The rule would likely hurt small and mid-sized businesses that aren’t already voluntarily tracking their emissions and may have to spend large sums of money to get up to speed, Waldron said.
Under Biden, the GSA has set a goal of transitioning all its buildings to 100% renewable electricity by 2025, pledged not to use funding under the climate bill to install fossil fuel-based equipment, promised to broaden its use of mapping tools to better understand how its real estate investments affect vulnerable communities, and reached out to the public about the availability of low-carbon construction materials that are made in the US.
The administration also recently rolled out a federal building performance standard requiring agencies to electrify 30% of their buildings’ square footage through energy-efficient upgrades to equipment and appliances.
A lot of good ideas are expected to sprout from the GSA’s Green Proving Ground program, which identifies promising technologies and installs them in pilot programs throughout the agency’s real estate portfolio, Carnahan said.
Some of the projects include vacuum-insulated panels that insulate roofs within a slim profile, chromogenic windows that reduce heat gain, and advanced water treatment methods to inhibit scaling and corrosion in cooling towers.
Another big boost came from the climate bill, which poured $3.4 billion into the GSA’s coffers. That amount includes $2.2 billion for low-carbon building materials, $975 million for emerging technologies, and $250 million to convert more buildings into high-performance green buildings.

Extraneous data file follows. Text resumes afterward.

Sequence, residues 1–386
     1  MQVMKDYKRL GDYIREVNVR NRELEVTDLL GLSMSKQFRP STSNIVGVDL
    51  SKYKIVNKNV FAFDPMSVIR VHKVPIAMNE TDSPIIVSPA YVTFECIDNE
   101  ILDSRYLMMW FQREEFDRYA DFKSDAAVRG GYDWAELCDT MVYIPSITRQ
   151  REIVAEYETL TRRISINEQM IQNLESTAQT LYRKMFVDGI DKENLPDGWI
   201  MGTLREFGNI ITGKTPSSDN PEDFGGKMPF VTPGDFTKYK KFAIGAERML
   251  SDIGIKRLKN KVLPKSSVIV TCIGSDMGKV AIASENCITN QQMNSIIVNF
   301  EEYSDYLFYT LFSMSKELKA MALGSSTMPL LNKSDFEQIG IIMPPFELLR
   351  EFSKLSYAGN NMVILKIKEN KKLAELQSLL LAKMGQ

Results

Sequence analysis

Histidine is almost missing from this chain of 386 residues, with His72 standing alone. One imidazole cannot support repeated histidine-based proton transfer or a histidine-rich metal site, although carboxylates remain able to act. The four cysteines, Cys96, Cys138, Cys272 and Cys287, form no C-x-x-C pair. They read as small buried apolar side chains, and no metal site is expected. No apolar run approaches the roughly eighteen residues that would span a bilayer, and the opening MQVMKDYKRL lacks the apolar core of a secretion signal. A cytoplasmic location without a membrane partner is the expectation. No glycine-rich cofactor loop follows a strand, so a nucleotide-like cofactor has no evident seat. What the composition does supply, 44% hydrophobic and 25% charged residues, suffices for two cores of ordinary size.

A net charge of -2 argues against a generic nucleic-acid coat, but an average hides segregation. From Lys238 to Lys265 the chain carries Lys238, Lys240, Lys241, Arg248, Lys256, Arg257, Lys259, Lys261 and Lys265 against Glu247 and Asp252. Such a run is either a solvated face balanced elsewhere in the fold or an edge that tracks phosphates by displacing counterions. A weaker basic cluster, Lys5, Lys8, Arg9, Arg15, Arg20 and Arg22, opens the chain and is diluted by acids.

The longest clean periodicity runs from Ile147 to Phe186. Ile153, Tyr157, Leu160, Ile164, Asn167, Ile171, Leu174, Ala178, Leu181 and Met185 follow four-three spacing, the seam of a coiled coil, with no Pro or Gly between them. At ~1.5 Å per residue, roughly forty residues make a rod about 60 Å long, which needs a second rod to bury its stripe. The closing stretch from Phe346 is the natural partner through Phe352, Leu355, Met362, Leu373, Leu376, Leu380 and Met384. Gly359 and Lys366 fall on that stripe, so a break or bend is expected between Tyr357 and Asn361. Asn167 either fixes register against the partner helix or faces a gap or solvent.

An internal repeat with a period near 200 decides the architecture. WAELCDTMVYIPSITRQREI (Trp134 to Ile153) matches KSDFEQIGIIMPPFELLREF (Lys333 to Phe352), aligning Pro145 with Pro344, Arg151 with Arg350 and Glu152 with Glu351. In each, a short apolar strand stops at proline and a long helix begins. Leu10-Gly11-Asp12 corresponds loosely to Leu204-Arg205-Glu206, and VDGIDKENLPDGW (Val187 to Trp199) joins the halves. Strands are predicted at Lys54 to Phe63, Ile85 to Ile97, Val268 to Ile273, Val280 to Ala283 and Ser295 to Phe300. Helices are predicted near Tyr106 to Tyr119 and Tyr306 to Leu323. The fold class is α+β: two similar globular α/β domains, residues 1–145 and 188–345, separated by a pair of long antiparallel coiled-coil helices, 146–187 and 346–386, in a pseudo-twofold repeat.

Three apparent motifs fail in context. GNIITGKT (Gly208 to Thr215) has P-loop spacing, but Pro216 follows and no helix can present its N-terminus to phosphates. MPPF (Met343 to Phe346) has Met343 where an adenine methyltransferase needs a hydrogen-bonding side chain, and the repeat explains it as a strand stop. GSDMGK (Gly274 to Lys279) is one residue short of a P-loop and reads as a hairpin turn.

In many cases, the best approach for GSA is to start with its oldest, draftiest buildings, Carnahan said.
To illustrate, she pointed to the 150-year old Custom House in Portland, Maine, where energy consumption fell by 30% after a geothermal heat pump was installed. Big improvements can also be found in newer facilities, like a 1990s-era GSA building in New Carrollton, Md., that reduced its energy consumption by 60% and its water use by 56% thanks to upgrades like integrated sensors and building automation systems, Carnahan said.
Many of the lessons the GSA is putting into practice were learned after the passage of the 2009 stimulus bill, said Jetta Wong, the agency’s senior climate adviser. GSA got $5.5 billion in that bill to make its buildings more efficient and construct new, energy-efficient offices, ports of entry, and other structures.
That experience gave GSA a start on tallying greenhouse gas emissions and thinking more deeply about sustainable buildings, Wong said.
“It’s not like we weren’t doing anything before,” she said. “Now, with the urgency and the money, we’re able to take a lot of our best practices and accelerate what we’re doing to really think about what’s next.”
Carnahan also said she believes the GSA is broadly doing a good job of safeguarding all the new money flowing into and out of its doors from waste, fraud, and abuse.
“We’re always paying attention to how we most effectively use taxpayer dollars,” she said. But unlike some other agencies, “we are in the business of doing contracts and dealing with these vendors all the time, so this isn’t at all new for us.”
To contact the reporter on this story:
To contact the editor responsible for this story: